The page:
‘ Will you be my valentine, our entwined hearts beating in harmony, Will you pick me up when I fall and kiss all those demons away, Will you be faithful and promise to not love another woman when i’m gone, Because I am your valentine and you are mine, soft spoken words like a whisper of a feather, Will you be my valentine, holding me until the day I die, Will you think of me above all others, Will you think that I am the most beautiful woman in the world, Will you think that there is noone else but me, Will you be my valentine’
There is no doubt that Valentines day- whose roots is in 3rd century Europe- has been commercialized to boost the economy. From cards to dinners out Valentines day’s lucrative appeal has essentially turned us all into ‘commodities’ competing to spend the most money on our partners and feeling guilty if our friends have managed to beat us at our own game. But Valentines day wasn’t always a commercial affair; originating in the third century the church recognizes three patron saints named Valentine or Valentinus, all of whom were martyred for defying Roman militarian anarchy otherwise known as the century of the ‘rulers crisis’. With no less than 20 governing bodies the people began to revolt and Valentine was reputed to help convicts escape harsh Roman prisons. Other legends claim that Valentine set up a revolt against marriage laws that prevented young men from marrying their loved ones while some claim he was imprisoned and fell in love with the jailors daughter who visited him until the day he died.
But how did sacriledge and bloodshed become the commercial affair it is today? After the death of Valentine it is reported that people took up arms and celebrated his life through a pagan celebration of sacrifice and life known as Lupercalia. Lupercalia was a fertility festival dedicated to Faunus, the Roman god of agriculture, as well as to the Roman founders Romulus and Remus. Christians became determined to exhume all pagan ties to Valentine and according to records used February 14th because it was the both the day he died and ended all affiliation with Paganism. By the 5th century Lupercalia was outlawed but its sentiments still remained; It wasn’t until The Middle Ages that Valentines day became associated with ‘love’ and it coincided with the bird mating season cementing the ‘sexual’ and ‘romantic’ nature of February 14th.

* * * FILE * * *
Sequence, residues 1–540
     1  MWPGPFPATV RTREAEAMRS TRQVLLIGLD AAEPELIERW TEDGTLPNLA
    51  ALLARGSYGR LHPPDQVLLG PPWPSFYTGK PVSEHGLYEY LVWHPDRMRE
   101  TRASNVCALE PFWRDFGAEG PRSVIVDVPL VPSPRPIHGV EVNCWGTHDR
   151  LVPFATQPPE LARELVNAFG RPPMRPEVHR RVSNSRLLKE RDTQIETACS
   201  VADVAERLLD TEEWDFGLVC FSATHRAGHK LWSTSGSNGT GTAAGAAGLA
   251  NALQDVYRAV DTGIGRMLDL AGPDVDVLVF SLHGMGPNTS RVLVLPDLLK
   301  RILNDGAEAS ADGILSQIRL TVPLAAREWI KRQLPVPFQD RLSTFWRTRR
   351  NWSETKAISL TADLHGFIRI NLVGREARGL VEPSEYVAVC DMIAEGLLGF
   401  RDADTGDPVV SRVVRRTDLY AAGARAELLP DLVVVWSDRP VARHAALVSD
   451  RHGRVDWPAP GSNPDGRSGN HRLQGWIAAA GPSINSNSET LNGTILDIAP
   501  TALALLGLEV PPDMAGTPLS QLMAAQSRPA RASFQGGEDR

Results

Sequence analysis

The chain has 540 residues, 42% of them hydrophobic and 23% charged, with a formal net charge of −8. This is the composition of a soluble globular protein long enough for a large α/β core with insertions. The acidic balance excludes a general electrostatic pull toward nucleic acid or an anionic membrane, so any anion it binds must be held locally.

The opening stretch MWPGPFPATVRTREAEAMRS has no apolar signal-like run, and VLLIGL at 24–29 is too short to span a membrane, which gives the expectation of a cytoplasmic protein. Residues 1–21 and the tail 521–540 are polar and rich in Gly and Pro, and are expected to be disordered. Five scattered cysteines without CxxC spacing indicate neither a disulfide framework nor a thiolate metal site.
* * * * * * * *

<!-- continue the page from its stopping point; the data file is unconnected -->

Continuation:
Valentines day became immortalized in European culture and was a signifier for changing attitudes towards sex and romance, while the first surviving love letter dated 1415 was from Charles Duke of Orleans to his wife during his imprisonment in the tower. The first love letter was a celebration of being a unified partnership and sharing who you were with the love of your life. The connotations may be sweet but many were punished for loving outside of their social sect and letters became their legacy to their loved ones. For the most part Valentines was not a commercial celebration but a sentimental declaration of love and it wasn’t until the 19th century that Valentines day became commercialized. In 1900 printed cards began to replace written letters due to improvements in printing technology. Ready-made cards were an easy way for people to express their emotions in a time when overt declarations of love were frowned upon. Love was not neccessarily a commodity but card sales did boost ecnomic production and helped pre-empt Valentines lucrative potential.
During the 20th century the commercialization of Valentines day fed off of the success of Christmas celebrations which pocketed billions every year. Valentines day capitalized on consumers desire to spend and perpetuated the ideal that ‘more spending’ equals a better love life when in reality happiness has little correlation to financial income. With over 140 million people sending Valentines cards there has been an increase in the expansion of Valentine themed products including clothing, chocolates and lingerie which are promoted as the ‘aphrodiasics’ of the modern world connoting that commercialism is centered around ‘sex appeal’ because ‘sex sells’. But with so many lucrative opportunities how can we say no to the lure of commercial celebrations?
Find out more in part II ‘The Sexualization of Valentines Day’
Is Valentines day too commercial? What are your thoughts?